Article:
Now that Cardinal Francis George has compared the gay rights movement to the Ku Klux Klan because its parade route passes a church, it’s important to understand the Klan he’s talking about and put into context how he's using his position in the church to try and bully a politician.
George's comments attempted to illustrate a time in American history when the Catholic church was feared by American voters weary of the power the Pope might wield in shaping the country.
George's statements were ill-advised and drew the wrong sort of attention to the topic he was discussing -- much the same way politicians often fly off the handle when they compare (insert opponent) to Hitler and the Nazis.
But Cardinal George was not talking about the Klan of the 1860s, whose hooded riders terrorized blacks and carpetbaggers during Reconstruction. Nor is it the Klan of the 1960s, which murdered Freedom Riders who marched for civil rights.
Cardinal George was hearkening to the Klan of the 1920s, which was part of the same Nativist hysteria that led to Prohibition and a 40-year ban on immigration. That Klan was just as racist as the other Klans, but its motivating fear was that Catholic voters with roots in Ireland, Italy and Poland would take over the American government, and give the keys to the White House to Pope Pius XI. (You must understand, Pius XI described himself as a man with “no love for Democracy”; he supported Mussolini in Italy and Franco in Spain.)
Unlike the other Klans, this Klan was popular in the Northern states, which had more Catholics than the South. The Klan carried a great amount of influence in Indiana during this era.
In 1928, the Democratic Party multiplied the Klan’s paranoia by nominating a Catholic, New York Gov. Al Smith, for president. Anti-Smith cartoons showed the pope at the head of the Cabinet table, surrounded by bishops. “We now face the darkest hour in American history,” a Klan leader wrote his followers in a mailing. “In a convention ruled by political Romanism, anti-Christ has won.”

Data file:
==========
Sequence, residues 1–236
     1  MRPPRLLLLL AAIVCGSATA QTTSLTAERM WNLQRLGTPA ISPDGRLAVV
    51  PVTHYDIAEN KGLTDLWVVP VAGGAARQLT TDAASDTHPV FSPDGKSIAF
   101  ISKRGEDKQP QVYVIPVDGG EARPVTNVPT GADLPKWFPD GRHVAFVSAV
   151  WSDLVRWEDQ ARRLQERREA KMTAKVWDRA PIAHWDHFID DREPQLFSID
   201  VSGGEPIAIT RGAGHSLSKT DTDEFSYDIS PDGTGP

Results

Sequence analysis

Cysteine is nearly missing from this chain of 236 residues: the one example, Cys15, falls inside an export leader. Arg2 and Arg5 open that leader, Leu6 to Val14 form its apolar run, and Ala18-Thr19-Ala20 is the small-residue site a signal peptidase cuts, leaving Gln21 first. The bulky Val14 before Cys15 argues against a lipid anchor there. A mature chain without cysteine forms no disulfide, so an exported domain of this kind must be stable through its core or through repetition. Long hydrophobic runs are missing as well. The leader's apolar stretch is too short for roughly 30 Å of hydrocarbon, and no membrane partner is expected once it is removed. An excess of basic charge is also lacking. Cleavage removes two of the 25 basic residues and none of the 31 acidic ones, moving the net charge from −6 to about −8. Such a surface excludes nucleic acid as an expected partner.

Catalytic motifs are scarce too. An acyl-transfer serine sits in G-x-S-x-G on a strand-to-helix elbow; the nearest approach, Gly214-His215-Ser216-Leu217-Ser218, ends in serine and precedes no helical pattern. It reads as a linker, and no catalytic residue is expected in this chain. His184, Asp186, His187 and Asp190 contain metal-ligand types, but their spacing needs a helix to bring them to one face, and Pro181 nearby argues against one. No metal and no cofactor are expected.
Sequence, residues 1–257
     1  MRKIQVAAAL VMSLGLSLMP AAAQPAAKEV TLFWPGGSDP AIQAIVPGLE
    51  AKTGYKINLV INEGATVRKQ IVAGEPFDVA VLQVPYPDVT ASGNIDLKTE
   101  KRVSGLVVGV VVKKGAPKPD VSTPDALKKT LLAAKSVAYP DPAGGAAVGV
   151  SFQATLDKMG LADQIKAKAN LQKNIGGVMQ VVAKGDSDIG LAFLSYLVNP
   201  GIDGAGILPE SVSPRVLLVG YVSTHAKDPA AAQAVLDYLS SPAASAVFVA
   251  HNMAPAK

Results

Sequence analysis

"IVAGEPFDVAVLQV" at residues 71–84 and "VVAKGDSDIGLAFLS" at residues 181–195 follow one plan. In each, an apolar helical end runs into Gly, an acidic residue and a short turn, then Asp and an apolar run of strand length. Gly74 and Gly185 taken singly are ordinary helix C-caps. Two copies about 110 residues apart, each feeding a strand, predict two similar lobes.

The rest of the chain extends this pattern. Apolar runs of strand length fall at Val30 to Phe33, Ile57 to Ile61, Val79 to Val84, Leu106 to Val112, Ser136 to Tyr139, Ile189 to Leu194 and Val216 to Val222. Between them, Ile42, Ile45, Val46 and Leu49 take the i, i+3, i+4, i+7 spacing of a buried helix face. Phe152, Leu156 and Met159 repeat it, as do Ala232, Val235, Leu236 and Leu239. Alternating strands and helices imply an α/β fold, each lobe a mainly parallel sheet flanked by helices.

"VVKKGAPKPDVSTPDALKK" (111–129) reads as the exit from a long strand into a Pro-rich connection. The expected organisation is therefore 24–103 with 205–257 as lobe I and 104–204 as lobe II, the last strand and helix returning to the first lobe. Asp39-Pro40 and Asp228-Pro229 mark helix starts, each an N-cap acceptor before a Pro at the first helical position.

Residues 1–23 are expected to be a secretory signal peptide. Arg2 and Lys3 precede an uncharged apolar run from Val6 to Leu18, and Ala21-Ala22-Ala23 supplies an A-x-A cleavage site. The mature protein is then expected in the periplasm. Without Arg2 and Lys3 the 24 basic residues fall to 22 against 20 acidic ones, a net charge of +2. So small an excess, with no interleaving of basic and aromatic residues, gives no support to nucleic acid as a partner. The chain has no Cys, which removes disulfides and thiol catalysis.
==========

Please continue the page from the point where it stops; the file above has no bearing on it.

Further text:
Herbert Hoover, a Quaker from Iowa, crushed Smith in the Electoral College, 444-87. When John F. Kennedy ran for president 32 years later, he had to swear to a group of Protestant ministers that he believed in an America “where no public official either requests or accepts instructions on public policy from the Pope, the National Council of Churches or any other ecclesiastical source.”
It is not clear, however, that George believes in such an America. Earlier this month, he scolded Gov. Pat Quinn for his advocacy of gay rights and abortion rights, suggesting such positions are inconsistent with Quinn’s Catholic faith.
“It’s what he had said, particularly around the civil unions bill, that it was his faith that was prompting him to do this,” George told Fox News Chicago. “And he’s done that on several occasions. It’s also disquieting that he would say, ‘There’s a law and therefore everybody obeys it.’ What if the law’s immoral? I mean, every government has always said that: ‘You must obey the law!’ And people of faith have often said, ‘Well, we will, up to a point.’”
The cardinal is trying to have it both ways. He’s using his religious office to influence a Catholic officeholder, and he’s suggesting that Catholic teachings trump the laws of Illinois. Yet at the same time, he's accusing this group who disagrees with him of anti-Catholic bigotry.
The Catholic Church now occupies a very different position in American politics than it did in the 1920s. We’ve had a Catholic president. The most influential pope of modern times, John Paul II, was a champion of Democracy, helping to undermine the Communist government in his native Poland. Only the most extreme Protestant fundamentalists would suggest the Pope is the anti-Christ. The gay community would certainly argue that bigotry practiced by the Catholic Church is a more powerful force than bigotry practiced against the Catholic Church.
The fact that we have a Catholic governor, with whom the Catholic archbishop can meet privately for two hours, is proof that the church has nothing to fear from the Klan, or any other anti-Catholic movement.
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